Registration is available by clicking the links below. Each event will run from 8:30am through 4:30pm.

Saturday, May 13th, 2017: Loudermilk Conference Center, Atlanta, GA

Monday, June 5th, 2017: Kauffman Foundation Conference Center, Kansas City, MO

Saturday, July 15th, 2017: Shriners Hospital for Children, Portland, OR

A limited number of $100 travel scholarships are available for rare disease patients and caregivers who otherwise would not be able to attend. Applications are available online and are due one month before each event, except for applications for a scholarship to RARE on the Road in Atlanta which are due by April 20th.

You can help spread the word by sharing the flyer (available here) with your community.

Utilizing Facebook and Twitter to Engage Policymakers is Key Part of Advocacy

Facebook and Twitter provide opportunities to engage state and federal policymakers as well as other rare disease advocates who can take action on their own and/or increase the reach of your message.

You can find a list of Twitter handles for U.S. Senators here, and another for members of the U.S. House of Representatives here. The National Conference of State Legislatures has a list of state legislative social media websites that is available here.

How can YOU use social media? Below are several examples. For all of them, make sure to tag your legislators on Facebook and use their official Twitter handles to make sure they see your posts.

  • Encourage your legislators to support or oppose specific legislation, and thank them when they do.

  • Are your Representative and Senators members of the Rare Disease Congressional Caucus? Tweet to thank them if they are or ask them to join if they are not, and post a respectful request on their Facebook pages.

  • Thank legislators (or their staff) for meeting with you, especially if they agree to something you requested such as supporting legislation. Take a photo to include in your post, if possible.

  • Use your Twitter account to ask your followers to take action. Retweet action alerts from other organizations that you support in order to expand the number of people who see it and participate.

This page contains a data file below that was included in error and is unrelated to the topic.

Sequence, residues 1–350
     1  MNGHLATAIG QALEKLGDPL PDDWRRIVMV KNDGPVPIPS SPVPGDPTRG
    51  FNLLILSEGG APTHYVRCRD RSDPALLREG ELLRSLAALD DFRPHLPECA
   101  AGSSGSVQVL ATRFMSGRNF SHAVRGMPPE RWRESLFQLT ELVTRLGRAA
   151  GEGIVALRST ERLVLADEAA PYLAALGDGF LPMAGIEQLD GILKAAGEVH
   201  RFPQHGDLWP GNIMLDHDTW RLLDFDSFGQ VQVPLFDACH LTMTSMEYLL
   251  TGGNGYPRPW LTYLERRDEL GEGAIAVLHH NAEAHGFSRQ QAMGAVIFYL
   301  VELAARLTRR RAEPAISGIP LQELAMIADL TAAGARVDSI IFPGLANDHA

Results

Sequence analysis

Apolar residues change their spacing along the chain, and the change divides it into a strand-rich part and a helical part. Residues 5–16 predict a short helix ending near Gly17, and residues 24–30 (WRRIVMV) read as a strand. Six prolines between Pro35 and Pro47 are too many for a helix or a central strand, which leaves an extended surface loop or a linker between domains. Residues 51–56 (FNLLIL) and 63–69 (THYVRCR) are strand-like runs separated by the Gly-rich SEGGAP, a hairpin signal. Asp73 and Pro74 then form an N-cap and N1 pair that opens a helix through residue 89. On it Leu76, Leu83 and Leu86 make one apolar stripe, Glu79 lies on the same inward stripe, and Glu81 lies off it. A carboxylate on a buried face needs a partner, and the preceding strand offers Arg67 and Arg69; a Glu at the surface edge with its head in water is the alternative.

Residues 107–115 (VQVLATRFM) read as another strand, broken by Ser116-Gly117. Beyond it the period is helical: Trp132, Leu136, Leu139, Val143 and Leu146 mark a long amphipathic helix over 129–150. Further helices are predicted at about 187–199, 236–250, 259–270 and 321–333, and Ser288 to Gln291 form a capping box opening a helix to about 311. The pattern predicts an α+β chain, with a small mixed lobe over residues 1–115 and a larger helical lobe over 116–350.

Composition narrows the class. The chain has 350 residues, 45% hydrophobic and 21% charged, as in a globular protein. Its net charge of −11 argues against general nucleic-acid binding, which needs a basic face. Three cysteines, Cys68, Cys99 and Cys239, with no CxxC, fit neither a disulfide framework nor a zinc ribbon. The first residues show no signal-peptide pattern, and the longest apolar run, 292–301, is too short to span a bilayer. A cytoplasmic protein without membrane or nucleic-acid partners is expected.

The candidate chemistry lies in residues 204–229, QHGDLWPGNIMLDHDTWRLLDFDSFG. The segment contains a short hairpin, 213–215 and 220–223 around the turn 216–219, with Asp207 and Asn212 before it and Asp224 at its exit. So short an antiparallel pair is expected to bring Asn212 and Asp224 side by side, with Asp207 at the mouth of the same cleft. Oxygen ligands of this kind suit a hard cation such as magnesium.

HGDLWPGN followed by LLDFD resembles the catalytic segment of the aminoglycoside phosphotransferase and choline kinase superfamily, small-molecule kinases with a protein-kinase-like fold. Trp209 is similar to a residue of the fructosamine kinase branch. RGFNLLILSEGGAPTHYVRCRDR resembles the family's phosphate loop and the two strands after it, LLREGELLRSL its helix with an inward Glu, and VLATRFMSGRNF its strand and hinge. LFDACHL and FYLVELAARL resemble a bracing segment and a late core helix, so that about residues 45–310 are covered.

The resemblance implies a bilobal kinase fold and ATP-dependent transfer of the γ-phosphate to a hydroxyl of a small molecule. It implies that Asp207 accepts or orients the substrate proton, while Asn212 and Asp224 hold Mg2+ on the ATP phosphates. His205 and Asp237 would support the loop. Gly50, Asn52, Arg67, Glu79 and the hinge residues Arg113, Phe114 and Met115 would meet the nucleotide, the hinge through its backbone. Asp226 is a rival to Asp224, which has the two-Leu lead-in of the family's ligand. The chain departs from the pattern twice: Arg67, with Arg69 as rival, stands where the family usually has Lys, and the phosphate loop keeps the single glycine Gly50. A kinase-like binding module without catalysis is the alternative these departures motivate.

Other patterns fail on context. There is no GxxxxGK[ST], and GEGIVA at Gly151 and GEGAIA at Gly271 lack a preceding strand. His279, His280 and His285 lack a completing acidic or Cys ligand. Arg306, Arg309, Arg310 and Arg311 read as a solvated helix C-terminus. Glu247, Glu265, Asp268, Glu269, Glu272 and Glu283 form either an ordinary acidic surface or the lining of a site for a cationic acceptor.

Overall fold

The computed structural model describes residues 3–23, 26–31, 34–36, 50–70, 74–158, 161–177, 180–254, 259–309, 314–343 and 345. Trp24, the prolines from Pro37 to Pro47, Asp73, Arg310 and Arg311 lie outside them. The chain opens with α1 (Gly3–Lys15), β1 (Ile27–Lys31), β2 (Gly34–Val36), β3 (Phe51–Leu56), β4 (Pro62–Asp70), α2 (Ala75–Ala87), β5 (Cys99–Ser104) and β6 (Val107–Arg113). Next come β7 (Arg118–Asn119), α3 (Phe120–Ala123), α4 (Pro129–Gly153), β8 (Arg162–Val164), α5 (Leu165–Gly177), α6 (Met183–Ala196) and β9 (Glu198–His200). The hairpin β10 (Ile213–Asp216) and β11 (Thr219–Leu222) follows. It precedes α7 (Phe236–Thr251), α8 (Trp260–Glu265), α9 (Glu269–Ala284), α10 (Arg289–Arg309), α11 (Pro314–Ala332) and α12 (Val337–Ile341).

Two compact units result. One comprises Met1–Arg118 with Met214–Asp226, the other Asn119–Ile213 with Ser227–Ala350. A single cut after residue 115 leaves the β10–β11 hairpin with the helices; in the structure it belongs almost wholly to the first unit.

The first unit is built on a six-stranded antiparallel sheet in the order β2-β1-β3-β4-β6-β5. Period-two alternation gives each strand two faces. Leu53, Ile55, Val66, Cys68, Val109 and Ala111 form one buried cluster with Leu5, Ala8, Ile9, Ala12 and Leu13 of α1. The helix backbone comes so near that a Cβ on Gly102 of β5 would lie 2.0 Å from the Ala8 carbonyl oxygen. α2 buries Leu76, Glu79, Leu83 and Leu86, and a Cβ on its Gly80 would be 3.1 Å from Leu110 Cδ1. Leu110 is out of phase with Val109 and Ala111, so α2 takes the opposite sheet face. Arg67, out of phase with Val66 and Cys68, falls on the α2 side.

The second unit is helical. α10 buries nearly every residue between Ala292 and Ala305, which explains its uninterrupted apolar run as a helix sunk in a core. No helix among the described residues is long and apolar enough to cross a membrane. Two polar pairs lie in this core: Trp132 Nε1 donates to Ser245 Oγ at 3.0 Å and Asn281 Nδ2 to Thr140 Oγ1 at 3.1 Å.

• You can also increase the number of people who participate in action alerts by sharing them on Facebook. Rare disease advocacy organizations rely on help from individual advocates who not only take action, but call on their friends and family to do so as well.

Emily Eckland, Digital and Social Media Communications Manager for Eli Lilly & Company, discussed Best Practices for Staying in Touch and Social Media to Build Momentum at the Legislative Conference during Rare Disease Week on Capitol Hill. The video of her presentation is available on the Legislative Conference resource page.

Rare Disease Congressional Caucus Briefing Videos Now Available

The Rare Disease Congressional Caucus hosted a briefing during Rare Disease Week on Capitol Hill which focused on Advancing Rare Disease Treatments in the Era of Cures and Health Care Reform.

After welcoming remarks from Caucus Co-Chair Senator Amy Klobuchar (D-MN), the panelists addressed implementation of the 21st Century Cures Act, reauthorization of the Prescription Drug User Fee Act, efforts to repeal and replace the Affordable Care Act, new models for rare disease drug development such as repurposing, and the role of incentives to encourage the development of orphan therapies.

Videos from the briefing are available here. A full list of Caucus members and videos from previous briefings are available on the Caucus webpage.

Free 21st Century Cures Tracker Available from FasterCures

FasterCures, a non-profit think tank with the goal of speeding and improving the medical research system, recently debuted a new resource to track implementation of the 21st Century Cures Act.

The free 21st Century Cures tracker focuses on the more than 100 sections in Division A, which include the key provisions on biomedical research:

“A few examples of the issues we will be tracking include the impact of changes to the National Institutes of Health’s administrative requirements for grantees, how the Food and Drug Administration implements new changes designed to enhance patient engagement and how the Department of Health and Human Services is using its new authorities to promote health information technology interoperability.

Many external factors will affect the progress of these initiatives, including policies related to hiring freezes and uncertain funding levels.”

FasterCures welcomes your feedback and suggested updates for the tracker, which can be submitted here.